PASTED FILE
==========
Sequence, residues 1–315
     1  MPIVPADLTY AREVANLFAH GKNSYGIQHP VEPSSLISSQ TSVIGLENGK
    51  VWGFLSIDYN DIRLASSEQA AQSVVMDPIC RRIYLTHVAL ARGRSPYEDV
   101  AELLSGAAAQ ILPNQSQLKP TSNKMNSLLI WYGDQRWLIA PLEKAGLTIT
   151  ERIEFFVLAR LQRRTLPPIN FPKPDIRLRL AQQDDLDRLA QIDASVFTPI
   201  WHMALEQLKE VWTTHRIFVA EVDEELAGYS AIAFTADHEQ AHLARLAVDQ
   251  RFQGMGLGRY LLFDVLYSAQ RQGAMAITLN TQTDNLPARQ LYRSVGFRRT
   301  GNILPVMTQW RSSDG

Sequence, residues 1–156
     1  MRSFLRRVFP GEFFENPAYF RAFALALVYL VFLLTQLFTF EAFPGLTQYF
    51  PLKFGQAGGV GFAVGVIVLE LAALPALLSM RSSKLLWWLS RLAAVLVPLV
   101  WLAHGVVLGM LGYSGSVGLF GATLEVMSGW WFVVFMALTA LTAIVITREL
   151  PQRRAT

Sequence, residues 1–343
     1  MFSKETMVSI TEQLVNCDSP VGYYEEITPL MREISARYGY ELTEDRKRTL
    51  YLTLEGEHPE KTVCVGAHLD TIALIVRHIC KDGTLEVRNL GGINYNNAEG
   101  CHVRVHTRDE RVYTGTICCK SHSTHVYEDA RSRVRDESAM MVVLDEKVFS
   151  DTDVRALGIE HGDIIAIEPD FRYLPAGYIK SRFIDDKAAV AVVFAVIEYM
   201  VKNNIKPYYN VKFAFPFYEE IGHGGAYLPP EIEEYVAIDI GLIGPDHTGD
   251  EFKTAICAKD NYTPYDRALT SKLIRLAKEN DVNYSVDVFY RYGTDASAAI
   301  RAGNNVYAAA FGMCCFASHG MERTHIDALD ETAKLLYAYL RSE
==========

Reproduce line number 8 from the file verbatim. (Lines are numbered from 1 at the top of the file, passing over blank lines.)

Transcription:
   301  GNILPVMTQW RSSDG